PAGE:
Many publishers who formerly received a large percentage of traffic from Facebook have seen significant drops in traffic. FEE was especially affected as we received nearly 43% of our traffic from Facebook in early 2017 and subsequently saw that drop to 23%.

Are these changes bad for publishers?

While sites like FEE.org have been somewhat unfairly punished as a publisher of “quality” content rather than “clickbait,” it is overly simplistic to see Facebook as the “bad guy” taking away traffic from publishers. Facebook has made a business decision to prioritize content from friends and family. They want to be a social network, not a news discovery platform. It is up to the market to decide whether Facebook becomes more or less valuable as a platform as a result.

Furthermore, in general, publishers of “quality” content will tend to compete in a meritocratic fashion with publishers for users’ organic reach. There are a lot of disclaimers here, but people generally accept that Google’s algorithm is mostly fair (and I believe it is) despite many claims of bias and ruined business models when Google had to adjust to “black-hat” SEO tactics. I believe that Facebook News Feed algorithms will probably come to be seen the same away some years from now.

The impact of social media on FEE.org

FEE.org saw substantial and highly volatile growth in social traffic starting in early 2016. This growth continued until late 2017 when it fell to 2015 levels. Facebook’s algorithm seems to have been responsible for nearly doubling social traffic, before falling back to the 2015 baseline. In other words, Facebook giveth and Facebook taketh away. FEE.org’s success with Facebook was largely due to its popularity with younger audiences that tended to push stories to go viral by repeated sharing. However, the “quality” of this engagement was low: for example, FEE.org’s bounce rate for Facebook referrals was 90%. As of October 2017, the bounce rate has been under 4%. It’s likely that many people who shared or liked our stories did not actually read them.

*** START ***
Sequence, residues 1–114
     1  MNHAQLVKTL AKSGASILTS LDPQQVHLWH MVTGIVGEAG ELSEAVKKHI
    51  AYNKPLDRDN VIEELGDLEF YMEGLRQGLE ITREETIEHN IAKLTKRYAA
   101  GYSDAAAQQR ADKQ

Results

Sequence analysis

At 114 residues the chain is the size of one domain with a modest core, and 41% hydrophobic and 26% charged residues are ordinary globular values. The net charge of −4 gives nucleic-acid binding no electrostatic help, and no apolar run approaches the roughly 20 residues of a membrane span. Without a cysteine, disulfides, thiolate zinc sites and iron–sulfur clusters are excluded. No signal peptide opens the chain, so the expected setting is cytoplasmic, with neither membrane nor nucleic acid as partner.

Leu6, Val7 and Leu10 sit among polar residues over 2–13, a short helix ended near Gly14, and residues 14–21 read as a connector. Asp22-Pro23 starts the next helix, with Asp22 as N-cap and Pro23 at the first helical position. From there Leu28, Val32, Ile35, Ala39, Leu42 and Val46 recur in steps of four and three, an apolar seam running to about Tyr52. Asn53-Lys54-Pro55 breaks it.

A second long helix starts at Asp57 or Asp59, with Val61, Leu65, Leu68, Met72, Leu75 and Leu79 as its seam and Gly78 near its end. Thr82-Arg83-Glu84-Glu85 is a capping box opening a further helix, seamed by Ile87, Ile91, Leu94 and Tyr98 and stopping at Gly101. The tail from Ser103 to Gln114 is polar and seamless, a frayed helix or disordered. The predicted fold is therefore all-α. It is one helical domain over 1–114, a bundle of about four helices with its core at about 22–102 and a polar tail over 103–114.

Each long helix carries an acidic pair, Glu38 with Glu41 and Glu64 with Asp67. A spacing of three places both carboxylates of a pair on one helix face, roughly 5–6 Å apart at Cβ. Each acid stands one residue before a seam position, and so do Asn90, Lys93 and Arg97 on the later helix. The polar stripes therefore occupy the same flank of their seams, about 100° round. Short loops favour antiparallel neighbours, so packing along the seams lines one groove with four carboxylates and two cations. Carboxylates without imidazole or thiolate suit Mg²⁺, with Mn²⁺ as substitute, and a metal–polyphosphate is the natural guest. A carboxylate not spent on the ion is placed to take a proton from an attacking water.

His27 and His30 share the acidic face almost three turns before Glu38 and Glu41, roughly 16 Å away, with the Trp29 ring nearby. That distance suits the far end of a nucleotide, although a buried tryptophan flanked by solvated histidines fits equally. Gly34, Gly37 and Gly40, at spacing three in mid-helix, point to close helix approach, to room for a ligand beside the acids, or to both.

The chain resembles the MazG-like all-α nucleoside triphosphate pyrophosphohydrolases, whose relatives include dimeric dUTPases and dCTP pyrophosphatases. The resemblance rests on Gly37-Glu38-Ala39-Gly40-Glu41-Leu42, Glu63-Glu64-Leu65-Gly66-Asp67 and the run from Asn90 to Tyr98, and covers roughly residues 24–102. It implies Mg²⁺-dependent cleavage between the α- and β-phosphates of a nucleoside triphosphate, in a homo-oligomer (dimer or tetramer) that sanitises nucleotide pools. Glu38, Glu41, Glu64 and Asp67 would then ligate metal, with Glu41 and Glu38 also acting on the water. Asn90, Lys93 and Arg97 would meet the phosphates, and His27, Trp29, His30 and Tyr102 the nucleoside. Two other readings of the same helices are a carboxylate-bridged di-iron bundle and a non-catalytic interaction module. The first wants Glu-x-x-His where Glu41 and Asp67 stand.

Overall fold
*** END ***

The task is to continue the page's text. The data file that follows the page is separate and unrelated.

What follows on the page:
3-year sessions vs bounce rate for Facebook.com referrals:

(Note: The changes are not as stark as this graph shows due to measurement changes but the overall trend is valid.)

If we look at sessions which came from Facebook.com, we saw fee.org sessions grow from 159K in December 2015 to a peak of 386K in February 2016, before falling back under 100K in September 2017. We speculate that this drop is in part because Facebook lowered the value of sharing posts relative to the value of genuine reactions (likes/comments). (Note: Facebook implements strong and ever-adapting anti-cheat measures to ensure the integrity of “genuine” reactions.)

Traffic Notes:

  1. FEE.org saw a long-term lift of about 300K sessions per month from all sources from 2015 – 2018 — such as external referrals, organic search, and email.
  2. FEE.org traffic follows a strong seasonal pattern (much of our traffic is from students performing research during the school year).

Illustration: 3-year performance — social versus all traffic:

How FEE is Responding to Facebook Rule Changes

The loss of FEE’s #1 traffic source requires adapting our strategy to maintain our business goals. Our primary means of doing so is to replace lost organic reach with paid reach (ads). The team at FEE has learned to do this with some effectiveness, despite ongoing algorithm changes:

Organic vs Paid Reach: January 2017 – April, 2018:

We believe that paid reach should have different business goals than organic reach. In other words, we do not believe in merely paying to replace organic readership with paid readership. This is both expensive and does not generate returning traffic. Instead, FEE’s marketing team had focused our paid reach on specific business goals that serve our organizational priorities, such as email leads, event registrations, market research, and new audience outreach.

Finally, while Facebook has moved away from a focus on publishers, there are other platforms which are focused on story discovery. FEE has experimented with Apple News, Quora, Flipboard, Medium, Reddit and other platforms which may surpass Facebook as content discovery mechanisms.

Reacting to Facebook Ad Strategy Changes